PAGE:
Wishing you all good cheer this holiday season!
Wishing you all good cheer this holiday season!
Over the weekend, I visited Camden, ME – a small village on the Penobscot Bay. Wandering through the shops, I ended up at a gallery on the harbor’s edge and discovered Jonathan McPhillips‘ art.
I love the large amount of suggestion in details of his work – a blob of color here and there to give you just enough information about what it is you’re looking at. He uses oil paint in such a beautiful way.
His work stood out to me immediately in a gallery with over 40 artists and countless paintings hung on the walls. It’s just beautiful in-person.
Hope everyone has a good Monday!
For the last few months, I’ve been working closely with Chandra Oppenheim, a musician and performance artist, on a few different projects she has in the works. One of them is a new album that is accompanied by a live performance called A Slightly Better Idea.
I was thrilled to create the album art for the project. Taking a cue from classic jazz albums along with some of the “non-sensical” from the piece itself, the final art fits the piece perfectly. Chandra and the band were ecstatic about it.
I attended the premiere show in October in Portland, ME – it was an awesome experience. The show is moving on to New York City starting next year, then eventually will head to Europe (!).
A Slightly Better Idea is “narrated” by a live band and tells a story of love lost and the all-consuming fog that envelops the everyday of the abandoned and heartbroken. You can learn more about the project here.
I’d been waiting since MAY to see Crimson Peak and although it officially was released about 2 weeks ago, I patiently waited until Halloween to see it. You know, for the full effect. John asked why I was so excited to see this movie – the HOUSE, obviously. I want nothing more than to move into an old decaying manor in the English countryside.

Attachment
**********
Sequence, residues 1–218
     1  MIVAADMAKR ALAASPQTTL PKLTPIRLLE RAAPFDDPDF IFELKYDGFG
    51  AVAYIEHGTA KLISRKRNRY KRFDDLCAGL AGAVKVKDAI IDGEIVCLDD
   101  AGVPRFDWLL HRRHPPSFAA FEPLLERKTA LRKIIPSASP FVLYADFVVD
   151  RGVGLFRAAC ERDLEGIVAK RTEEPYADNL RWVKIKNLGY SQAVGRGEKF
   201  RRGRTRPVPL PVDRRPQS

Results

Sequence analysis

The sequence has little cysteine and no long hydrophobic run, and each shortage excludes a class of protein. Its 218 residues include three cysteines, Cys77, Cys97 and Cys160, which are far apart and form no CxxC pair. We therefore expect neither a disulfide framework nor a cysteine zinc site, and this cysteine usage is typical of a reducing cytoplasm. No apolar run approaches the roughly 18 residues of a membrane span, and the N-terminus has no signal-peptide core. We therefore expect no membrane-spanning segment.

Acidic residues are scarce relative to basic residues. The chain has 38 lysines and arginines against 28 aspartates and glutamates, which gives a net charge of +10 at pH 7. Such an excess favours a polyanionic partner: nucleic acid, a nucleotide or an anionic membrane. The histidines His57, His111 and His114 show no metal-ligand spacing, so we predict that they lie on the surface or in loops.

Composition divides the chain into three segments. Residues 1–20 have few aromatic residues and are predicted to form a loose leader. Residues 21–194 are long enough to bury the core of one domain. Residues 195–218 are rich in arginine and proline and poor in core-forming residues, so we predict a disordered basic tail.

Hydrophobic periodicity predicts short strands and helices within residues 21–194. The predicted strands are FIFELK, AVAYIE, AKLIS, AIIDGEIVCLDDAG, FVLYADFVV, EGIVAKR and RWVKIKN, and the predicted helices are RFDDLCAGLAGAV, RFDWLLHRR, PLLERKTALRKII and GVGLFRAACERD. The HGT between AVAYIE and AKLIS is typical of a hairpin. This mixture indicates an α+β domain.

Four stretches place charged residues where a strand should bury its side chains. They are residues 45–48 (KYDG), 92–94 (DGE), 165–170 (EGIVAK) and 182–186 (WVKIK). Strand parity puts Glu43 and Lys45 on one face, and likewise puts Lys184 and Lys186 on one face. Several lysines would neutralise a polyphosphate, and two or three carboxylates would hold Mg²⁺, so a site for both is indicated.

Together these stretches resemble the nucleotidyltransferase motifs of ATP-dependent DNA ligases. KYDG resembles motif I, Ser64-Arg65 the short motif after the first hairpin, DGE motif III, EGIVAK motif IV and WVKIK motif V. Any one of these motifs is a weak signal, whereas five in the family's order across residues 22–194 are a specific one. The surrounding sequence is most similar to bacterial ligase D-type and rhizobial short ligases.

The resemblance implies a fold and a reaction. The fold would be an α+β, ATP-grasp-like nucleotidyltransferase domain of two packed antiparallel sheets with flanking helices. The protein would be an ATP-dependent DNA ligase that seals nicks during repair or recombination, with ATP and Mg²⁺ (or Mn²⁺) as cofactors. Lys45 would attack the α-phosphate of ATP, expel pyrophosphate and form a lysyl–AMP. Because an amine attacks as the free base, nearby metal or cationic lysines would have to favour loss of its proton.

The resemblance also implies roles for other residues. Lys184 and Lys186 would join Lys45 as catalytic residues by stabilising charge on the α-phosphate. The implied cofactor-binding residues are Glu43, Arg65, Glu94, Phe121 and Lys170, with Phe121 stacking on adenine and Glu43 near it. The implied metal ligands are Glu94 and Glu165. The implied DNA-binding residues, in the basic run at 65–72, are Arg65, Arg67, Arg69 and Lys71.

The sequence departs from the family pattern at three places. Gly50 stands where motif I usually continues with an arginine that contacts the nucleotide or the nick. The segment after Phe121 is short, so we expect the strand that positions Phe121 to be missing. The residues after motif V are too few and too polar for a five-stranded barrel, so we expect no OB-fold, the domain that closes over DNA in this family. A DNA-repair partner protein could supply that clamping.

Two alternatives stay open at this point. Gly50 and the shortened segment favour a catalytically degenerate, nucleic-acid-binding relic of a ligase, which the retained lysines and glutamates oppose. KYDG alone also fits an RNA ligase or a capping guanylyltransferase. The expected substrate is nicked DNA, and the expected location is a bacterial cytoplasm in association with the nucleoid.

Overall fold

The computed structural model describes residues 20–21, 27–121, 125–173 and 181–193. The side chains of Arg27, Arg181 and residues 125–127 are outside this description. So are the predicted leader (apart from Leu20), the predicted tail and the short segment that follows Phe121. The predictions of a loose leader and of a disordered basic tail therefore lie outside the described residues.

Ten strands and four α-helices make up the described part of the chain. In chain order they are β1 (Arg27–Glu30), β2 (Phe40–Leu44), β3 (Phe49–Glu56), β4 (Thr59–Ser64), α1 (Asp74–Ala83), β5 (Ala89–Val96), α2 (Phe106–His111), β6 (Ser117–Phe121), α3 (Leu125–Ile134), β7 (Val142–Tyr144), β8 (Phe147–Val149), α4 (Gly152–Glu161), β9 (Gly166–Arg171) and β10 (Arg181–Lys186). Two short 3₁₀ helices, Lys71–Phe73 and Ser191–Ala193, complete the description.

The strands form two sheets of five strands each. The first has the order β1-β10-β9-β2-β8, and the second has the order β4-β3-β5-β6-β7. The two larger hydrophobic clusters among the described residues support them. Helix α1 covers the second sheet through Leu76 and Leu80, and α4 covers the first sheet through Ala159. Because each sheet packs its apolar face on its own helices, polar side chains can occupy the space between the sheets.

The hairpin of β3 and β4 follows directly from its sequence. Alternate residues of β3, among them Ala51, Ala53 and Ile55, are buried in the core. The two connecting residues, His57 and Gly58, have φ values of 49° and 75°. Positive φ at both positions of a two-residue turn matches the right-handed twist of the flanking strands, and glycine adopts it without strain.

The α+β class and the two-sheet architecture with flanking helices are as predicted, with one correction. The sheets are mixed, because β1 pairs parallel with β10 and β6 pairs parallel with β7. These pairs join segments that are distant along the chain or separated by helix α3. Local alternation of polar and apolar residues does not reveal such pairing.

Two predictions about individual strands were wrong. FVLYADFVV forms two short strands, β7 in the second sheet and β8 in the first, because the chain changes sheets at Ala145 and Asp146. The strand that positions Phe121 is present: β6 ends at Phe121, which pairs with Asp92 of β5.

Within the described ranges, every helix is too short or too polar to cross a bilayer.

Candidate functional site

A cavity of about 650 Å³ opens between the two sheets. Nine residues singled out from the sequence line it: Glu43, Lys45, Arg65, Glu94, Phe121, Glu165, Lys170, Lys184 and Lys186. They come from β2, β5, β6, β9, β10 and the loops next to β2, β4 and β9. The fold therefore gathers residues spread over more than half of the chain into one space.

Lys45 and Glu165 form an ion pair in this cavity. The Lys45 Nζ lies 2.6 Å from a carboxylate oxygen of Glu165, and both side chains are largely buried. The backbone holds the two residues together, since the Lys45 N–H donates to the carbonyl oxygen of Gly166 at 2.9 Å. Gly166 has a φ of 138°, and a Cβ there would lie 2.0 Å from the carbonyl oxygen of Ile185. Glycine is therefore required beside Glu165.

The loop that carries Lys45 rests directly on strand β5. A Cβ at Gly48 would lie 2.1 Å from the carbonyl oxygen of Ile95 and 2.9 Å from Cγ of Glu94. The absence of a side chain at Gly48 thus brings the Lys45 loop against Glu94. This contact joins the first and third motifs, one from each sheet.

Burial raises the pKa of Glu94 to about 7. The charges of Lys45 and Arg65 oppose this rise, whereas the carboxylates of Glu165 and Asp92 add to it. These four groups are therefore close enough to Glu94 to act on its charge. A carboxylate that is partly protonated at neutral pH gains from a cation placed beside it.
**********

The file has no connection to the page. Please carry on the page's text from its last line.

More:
I read that the house was built from the ground up for filming in Canada. It’s a shame it all had to be torn down once filming wrapped.
Also, it stars Tom Hiddleston.
Tom Hiddleston as a dark and mysterious bachelor
OMG sorry. Back to the movie.
It was absolutely one of the most beautiful movies I have ever seen. The costumes were incredible.
If you’re into horror, you may not be into Crimson Peak – but if you are a design junkie like me, you won’t be able to tear yourself away. I’m tempted to go back for a second showing just to see the visual feast again.
All photos found through Pinterest.
It’s been a very busy few weeks over here, but I just had to take a breather for a minute and fill you in on Artefact Home & Garden.
I stopped in here after driving by a few times and nearly causing accidents trying to look in the windows. My style has come a long way since the late 2000’s, when I though spray painted IKEA furniture was the height of DIY-chic, but I’ve had trouble describing exactly what my style has evolved to. Until I walked into Artefact. This is it. Everything about this store is it.
A little bit Belgian, a little bit industrial, part casual but part glamorous, rustic where appropriate and clean lines everywhere else – and always with a flair for the artistic.
A beautiful store filled with quality, beautiful things. I have now completely, and for the 1,617th time, mentally redecorated my home.